Modeled data from S&P Global Platts Analytics suggest that the uptick in output is likely pushing more supply eastbound on major intrastate transport corridors like Kinder Morgan's Gulf Coast Express and Permian Highway Pipelines and the more recent, Whistler Pipeline.
Twice last month, Permian gas production was estimated at over 14 Bcf/d, falling just shy of its prior record high at 14.1 Bcf/d in June 2021, Platts Analytics data shows.
This year's pre-winter production push in the Permian, which is not atypical for West Texas or other US shale basins, was further fueled by a recent acceleration in drilling and completion activity there.
Since the start of the fourth quarter, Permian operators have added some 34 rigs to the basin, bringing the total to an estimated 300 in the week ended Dec. 29, data published by Enverus shows.
Drillers are wasting no time putting recently added rigs to work. In November, the number of wells drilled surged to a 19-month high at 300. From August to November, well completions averaged over 400 per month – also the highest since first-quarter 2020, data from the US Energy Information Administration shows.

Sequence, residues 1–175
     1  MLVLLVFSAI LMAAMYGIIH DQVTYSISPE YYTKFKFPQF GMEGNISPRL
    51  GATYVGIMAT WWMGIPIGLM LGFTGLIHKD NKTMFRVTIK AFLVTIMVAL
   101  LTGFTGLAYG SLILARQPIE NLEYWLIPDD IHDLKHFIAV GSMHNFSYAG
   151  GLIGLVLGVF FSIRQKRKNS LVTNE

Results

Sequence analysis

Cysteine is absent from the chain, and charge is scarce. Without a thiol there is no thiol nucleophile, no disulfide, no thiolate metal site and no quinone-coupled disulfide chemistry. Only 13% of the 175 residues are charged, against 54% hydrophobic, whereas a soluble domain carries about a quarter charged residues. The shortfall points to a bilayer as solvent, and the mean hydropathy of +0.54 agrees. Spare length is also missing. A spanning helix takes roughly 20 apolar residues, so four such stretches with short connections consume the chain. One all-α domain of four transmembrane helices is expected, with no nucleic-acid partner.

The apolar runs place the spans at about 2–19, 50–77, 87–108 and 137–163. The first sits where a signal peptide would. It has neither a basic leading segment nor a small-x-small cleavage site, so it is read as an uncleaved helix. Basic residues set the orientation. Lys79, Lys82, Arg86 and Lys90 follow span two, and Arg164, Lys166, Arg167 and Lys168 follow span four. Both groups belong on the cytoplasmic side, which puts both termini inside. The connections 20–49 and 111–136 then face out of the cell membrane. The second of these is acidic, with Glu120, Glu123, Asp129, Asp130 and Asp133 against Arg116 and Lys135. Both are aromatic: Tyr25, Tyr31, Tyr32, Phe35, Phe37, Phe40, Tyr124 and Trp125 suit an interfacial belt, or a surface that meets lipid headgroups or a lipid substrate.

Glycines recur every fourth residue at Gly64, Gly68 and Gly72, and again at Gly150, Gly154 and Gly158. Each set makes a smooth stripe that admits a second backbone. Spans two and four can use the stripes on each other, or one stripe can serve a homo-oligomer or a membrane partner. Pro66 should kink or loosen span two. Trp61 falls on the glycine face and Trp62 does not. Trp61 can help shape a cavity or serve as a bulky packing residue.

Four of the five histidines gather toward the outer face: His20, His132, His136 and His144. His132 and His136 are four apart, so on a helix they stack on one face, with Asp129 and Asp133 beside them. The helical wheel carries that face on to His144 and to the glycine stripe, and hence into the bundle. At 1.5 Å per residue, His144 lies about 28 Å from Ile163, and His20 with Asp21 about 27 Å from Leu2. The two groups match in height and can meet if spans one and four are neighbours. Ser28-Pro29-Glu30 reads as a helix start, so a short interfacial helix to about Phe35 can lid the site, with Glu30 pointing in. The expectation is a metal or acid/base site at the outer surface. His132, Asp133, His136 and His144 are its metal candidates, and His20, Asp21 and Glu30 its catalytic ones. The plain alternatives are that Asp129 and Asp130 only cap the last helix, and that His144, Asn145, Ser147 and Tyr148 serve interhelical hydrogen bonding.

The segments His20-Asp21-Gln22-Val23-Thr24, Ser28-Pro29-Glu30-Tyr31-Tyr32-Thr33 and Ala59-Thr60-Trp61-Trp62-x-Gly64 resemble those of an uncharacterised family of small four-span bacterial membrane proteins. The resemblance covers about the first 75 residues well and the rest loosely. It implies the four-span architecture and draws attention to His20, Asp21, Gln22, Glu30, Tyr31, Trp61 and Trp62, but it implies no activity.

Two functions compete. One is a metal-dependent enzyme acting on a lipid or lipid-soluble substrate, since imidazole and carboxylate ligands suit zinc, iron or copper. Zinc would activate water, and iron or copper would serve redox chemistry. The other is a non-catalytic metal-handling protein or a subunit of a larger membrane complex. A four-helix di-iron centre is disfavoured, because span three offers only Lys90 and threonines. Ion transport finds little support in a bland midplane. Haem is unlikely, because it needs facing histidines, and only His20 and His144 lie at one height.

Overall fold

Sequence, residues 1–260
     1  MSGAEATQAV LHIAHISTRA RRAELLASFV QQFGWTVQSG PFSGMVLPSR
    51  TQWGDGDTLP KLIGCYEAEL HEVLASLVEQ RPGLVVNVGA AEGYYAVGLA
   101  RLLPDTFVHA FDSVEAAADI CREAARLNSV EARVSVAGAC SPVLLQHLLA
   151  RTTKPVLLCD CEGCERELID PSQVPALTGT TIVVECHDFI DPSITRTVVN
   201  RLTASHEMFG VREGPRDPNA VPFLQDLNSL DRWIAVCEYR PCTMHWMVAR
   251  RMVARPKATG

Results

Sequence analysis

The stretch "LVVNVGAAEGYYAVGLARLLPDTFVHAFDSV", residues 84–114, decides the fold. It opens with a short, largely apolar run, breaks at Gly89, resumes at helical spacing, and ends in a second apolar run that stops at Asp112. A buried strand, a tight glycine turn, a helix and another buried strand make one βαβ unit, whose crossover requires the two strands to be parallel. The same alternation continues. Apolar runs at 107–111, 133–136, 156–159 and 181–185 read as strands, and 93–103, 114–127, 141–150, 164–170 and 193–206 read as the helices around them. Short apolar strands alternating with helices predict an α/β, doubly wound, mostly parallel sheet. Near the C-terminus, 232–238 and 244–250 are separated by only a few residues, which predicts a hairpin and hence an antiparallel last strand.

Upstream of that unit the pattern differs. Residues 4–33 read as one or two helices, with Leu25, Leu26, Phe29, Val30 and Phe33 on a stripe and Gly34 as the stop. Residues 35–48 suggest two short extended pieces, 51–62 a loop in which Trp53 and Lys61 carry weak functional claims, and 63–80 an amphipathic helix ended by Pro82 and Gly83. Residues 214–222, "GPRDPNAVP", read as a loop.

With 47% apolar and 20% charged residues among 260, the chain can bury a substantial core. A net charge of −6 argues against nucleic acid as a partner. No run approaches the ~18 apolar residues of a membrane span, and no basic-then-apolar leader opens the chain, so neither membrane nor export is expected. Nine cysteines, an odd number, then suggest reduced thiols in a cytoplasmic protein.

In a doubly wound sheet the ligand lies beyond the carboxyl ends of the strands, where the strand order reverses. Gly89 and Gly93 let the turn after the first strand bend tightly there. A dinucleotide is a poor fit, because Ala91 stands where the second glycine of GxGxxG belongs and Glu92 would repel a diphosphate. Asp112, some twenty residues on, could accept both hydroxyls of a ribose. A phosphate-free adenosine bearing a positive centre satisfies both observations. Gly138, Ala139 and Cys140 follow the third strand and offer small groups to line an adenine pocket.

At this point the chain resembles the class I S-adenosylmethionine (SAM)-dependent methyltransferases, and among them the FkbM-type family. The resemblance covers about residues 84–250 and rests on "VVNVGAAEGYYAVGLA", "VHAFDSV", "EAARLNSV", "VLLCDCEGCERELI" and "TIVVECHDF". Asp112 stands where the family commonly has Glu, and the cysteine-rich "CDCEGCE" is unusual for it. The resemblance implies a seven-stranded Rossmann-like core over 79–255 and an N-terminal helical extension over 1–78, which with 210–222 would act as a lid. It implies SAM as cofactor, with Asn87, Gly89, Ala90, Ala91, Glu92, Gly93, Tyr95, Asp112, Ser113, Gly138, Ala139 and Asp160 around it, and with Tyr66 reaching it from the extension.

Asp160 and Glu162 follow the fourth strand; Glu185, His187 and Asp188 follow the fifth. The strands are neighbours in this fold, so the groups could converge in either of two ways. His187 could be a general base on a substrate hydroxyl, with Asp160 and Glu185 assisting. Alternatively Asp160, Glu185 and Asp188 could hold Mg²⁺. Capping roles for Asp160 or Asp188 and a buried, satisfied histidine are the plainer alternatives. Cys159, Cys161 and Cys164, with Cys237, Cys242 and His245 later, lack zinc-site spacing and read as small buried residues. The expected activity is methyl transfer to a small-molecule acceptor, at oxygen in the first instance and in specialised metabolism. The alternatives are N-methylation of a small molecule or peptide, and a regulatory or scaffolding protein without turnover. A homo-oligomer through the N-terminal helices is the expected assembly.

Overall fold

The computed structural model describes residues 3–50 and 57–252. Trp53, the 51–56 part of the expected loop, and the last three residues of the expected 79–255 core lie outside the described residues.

As the upstream activity continues, the outlook for production growth has become increasingly bullish. According to a recent forecast from Platts Analytics, output from the Permian is likely to hit sustained levels at over 14 Bcf/d by sometime in the first-quarter 2022.
Would you say it is healthy for the Permian to add supply to keep the price of NG moderate, instead of allowing a sharp peak? I know my biggest concern has always been that the NG from the Permian was going to create such a glut that the bottom would fall out of the price.